Asian greens love to be wok-fried and stir-fried. Bok choy, gai laan, mustard cabbage and wong bok can be sliced and added to a hot pan or wok, already heated with a little oil and finely sliced ginger or crushed garlic (until fragrant). Toss for a few minutes to coat the leaves and add 1-2 tablespoons water to the pan to create steam. Place a lid over the leaves briefly until the greens change colour, toss again and serve.

These tasty greens also lend themselves to quick and easy soups and are a good source of vitamin C and vitamin A.

Fresh or frozen beans and peas love to be blanched. These veges need only a quick cook (one to two minutes) in no more than two centimetres of boiling water before draining.

For salads, blanch green beans, snow peas and sugar snap peas in boiling water until they are bright green, before refreshing in icy cold water to prevent further cooking and to hold the colour and nutrients. Drain them well in a colander before you toss them with other salad ingredients.

Try mixing whole cherry tomatoes with beans or snow peas and raw or roasted nuts such as macadamias, walnuts or almonds for a simple, colourful vegetable side dish. The main nutrients in beans are folate, vitamin A and vitamin C – plus they contain fibre and carotenoids.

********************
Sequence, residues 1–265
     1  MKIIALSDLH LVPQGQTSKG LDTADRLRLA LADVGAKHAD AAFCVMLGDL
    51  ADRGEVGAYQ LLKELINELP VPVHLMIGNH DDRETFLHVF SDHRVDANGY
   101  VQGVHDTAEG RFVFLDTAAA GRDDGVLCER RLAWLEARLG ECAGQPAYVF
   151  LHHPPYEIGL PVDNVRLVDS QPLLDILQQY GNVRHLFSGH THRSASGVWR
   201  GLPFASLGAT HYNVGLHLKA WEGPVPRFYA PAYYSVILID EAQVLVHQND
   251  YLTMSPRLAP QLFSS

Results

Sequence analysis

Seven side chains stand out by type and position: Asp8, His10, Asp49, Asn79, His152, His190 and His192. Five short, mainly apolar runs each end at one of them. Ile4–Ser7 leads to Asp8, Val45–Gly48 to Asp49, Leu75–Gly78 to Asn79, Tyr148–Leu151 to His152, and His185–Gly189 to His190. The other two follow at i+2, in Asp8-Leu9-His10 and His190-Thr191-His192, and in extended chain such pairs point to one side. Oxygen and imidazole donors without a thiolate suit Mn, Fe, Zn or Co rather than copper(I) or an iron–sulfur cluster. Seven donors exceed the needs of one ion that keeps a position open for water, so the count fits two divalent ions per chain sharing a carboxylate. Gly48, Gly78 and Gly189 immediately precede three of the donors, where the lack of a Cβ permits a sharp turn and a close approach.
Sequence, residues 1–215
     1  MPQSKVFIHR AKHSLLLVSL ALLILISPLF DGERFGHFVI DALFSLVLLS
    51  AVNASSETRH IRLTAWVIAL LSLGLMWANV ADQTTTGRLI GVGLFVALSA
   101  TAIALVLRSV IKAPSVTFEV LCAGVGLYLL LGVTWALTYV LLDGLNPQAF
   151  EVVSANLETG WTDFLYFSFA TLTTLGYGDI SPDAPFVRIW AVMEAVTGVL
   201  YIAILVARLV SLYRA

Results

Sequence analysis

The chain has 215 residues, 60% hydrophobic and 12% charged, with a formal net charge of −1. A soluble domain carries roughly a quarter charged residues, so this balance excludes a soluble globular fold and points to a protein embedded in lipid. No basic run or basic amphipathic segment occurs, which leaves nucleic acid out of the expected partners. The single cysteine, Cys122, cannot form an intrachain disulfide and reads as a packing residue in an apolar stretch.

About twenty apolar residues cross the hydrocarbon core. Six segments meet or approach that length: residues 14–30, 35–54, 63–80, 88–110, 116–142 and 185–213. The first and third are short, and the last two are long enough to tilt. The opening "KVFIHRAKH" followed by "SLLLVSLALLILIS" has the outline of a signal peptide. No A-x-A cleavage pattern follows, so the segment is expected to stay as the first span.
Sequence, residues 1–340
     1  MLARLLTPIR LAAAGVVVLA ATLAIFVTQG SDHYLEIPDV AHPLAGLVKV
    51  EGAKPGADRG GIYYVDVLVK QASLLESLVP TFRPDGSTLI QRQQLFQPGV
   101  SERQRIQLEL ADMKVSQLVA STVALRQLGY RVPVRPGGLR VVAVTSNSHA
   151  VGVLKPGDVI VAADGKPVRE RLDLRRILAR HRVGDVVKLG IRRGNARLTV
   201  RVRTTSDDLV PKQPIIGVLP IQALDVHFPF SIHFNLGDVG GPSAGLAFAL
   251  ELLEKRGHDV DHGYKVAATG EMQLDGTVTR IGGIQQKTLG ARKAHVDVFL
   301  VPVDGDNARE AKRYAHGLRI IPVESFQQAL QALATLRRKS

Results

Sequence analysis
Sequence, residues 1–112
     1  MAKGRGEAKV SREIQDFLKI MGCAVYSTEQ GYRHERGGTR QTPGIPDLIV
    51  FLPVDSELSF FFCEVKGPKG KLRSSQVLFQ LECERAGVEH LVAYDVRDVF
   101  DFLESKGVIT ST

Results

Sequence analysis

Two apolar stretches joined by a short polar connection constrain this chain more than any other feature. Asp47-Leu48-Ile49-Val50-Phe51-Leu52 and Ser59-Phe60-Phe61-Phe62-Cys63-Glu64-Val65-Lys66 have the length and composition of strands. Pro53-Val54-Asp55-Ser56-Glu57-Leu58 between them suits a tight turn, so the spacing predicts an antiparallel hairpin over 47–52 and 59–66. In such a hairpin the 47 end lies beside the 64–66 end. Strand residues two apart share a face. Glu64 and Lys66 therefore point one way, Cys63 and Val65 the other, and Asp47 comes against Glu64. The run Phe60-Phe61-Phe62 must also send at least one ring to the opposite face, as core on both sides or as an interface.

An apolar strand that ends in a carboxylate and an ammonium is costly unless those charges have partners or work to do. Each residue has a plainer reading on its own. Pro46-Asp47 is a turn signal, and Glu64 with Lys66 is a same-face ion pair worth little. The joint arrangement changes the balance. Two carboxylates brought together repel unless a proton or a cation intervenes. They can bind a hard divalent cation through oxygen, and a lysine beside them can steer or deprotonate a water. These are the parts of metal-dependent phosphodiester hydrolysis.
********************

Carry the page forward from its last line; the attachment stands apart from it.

Starchy tubers, pumpkin and leeks love to be in soups. Soups are a good way to include a variety of vegetables in a tasty and economical meal. Chunky pieces of potato, kumara, pumpkin and sliced leeks lend themselves to being added to soups (cook until soft) to extend the nutrient value, heartiness and flavour.

Chunky vege pieces can also be added to braises and slow-cooked dishes to add body and texture. Pumpkin is a great source of vitamin A and kumara a source of vitamin C, calcium, iron and potassium. The popular potato provides both potassium and vitamin C.

Bright coloured roots love to be roasted. When carrots, beetroot and yams are roasted in the oven with a toss of olive oil, salt and pepper, their natural sweetness is enhanced in the caramelisation process. Roast in chunks for about 30 minutes or until soft. The cooking process and the addition of the oil also helps us absorb valuable carotenoid pigments in these vegetables. You may also like to try grated carrot and beetroot in cake or muffin recipes.

Beets readily bleed into the cooking liquid, but a splash of balsamic vinegar or lemon juice will help a little.